Variation for N Uptake System in Maize: Genotypic Response to N Supply
Rafalski, J. Antoni
Tester, Mark A.
Kaiser, Brent N.
KAUST DepartmentBiological and Environmental Sciences and Engineering (BESE) Division
Plant Science Program
Desert Agriculture Initiative
MetadataShow full item record
AbstractAn understanding of the adaptations made by plants in their nitrogen (N) uptake systems in response to reduced N supply is important to the development of cereals with enhanced N uptake efficiency (NUpE). Twenty seven diverse genotypes of maize (Zea mays, L.) were grown in hydroponics for 3 weeks with limiting or adequate N supply. Genotypic response to N was assessed on the basis of biomass characteristics and the activities of the nitrate (NO−3) and ammonium (NH+4) high-affinity transport systems. Genotypes differed greatly for the ability to maintain biomass with reduced N. Although, the N response in underlying biomass and N transport related characteristics was less than that for biomass, there were clear relationships, most importantly, lines that maintained biomass at reduced N maintained net N uptake with no change in size of the root relative to the shoot. The root uptake capacity for both NO−3 and NH+4 increased with reduced N. Transcript levels of putative NO−3 and NH+4 transporter genes in the root tissue of a subset of the genotypes revealed that predominately ZmNRT2 transcript levels responded to N treatments. The correlation between the ratio of transcripts of ZmNRT2.2 between the two N levels and a genotype's ability to maintain biomass with reduced N suggests a role for these transporters in enhancing NUpE. The observed variation in the ability to capture N at low N provides scope for both improving NUpE in maize and also to better understand the N uptake system in cereals.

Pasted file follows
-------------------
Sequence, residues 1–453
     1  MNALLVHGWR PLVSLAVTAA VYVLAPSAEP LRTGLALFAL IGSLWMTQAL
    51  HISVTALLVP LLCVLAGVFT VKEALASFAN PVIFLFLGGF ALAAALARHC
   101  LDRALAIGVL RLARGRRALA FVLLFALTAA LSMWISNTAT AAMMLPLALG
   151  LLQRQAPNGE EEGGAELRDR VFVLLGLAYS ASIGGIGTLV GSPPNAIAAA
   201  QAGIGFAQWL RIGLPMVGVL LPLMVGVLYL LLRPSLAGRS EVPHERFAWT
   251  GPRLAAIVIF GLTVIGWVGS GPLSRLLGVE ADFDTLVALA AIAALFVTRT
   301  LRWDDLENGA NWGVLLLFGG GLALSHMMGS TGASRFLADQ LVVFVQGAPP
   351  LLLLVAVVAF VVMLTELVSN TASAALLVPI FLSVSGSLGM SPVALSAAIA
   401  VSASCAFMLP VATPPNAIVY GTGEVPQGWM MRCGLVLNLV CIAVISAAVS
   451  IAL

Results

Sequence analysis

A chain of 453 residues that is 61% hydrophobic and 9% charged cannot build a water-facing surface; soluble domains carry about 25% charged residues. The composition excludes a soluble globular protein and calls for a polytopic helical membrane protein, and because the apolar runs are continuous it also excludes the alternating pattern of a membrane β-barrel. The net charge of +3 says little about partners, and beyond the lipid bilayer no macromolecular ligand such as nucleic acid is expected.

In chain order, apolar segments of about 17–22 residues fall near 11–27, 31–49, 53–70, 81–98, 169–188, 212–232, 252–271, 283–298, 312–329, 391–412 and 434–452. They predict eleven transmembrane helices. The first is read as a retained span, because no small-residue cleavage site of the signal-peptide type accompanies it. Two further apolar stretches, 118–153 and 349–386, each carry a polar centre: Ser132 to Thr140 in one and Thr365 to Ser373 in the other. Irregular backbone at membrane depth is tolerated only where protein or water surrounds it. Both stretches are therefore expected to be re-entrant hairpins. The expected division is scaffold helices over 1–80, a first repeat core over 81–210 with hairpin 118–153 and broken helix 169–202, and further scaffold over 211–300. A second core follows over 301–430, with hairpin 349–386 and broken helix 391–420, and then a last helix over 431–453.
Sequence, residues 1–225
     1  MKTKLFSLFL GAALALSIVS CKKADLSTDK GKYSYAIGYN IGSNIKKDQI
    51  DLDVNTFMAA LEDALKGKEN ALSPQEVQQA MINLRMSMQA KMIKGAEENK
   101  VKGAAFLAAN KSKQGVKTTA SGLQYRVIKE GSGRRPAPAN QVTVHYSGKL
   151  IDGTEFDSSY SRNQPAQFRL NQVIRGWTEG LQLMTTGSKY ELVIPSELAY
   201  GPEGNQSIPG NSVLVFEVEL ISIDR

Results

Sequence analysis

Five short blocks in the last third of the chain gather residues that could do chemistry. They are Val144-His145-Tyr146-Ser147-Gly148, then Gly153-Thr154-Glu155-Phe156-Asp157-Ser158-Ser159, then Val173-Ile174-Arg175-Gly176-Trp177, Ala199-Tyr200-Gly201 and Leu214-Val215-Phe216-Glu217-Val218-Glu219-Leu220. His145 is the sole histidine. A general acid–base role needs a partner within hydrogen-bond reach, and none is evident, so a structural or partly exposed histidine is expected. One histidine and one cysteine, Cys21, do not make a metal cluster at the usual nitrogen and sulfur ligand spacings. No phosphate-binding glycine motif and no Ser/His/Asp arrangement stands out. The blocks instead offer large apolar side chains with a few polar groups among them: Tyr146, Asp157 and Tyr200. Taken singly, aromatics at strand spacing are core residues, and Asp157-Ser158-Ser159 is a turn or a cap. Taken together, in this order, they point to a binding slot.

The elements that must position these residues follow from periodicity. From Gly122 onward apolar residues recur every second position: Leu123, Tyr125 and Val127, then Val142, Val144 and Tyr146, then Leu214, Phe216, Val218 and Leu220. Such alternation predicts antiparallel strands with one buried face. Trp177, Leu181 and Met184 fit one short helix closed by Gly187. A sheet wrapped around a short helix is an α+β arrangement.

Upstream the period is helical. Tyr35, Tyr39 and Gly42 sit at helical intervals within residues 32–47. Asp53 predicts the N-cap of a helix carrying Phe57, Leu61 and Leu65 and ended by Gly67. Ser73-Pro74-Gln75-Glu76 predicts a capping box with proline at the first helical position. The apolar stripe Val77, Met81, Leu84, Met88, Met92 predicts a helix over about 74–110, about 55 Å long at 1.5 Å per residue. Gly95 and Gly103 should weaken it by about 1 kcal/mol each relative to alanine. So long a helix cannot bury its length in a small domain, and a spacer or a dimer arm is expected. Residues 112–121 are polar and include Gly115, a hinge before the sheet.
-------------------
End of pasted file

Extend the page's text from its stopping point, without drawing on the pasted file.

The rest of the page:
CitationVariation for N Uptake System in Maize: Genotypic Response to N Supply 2015, 6 Frontiers in Plant Science
PublisherFrontiers Media SA
JournalFrontiers in Plant Science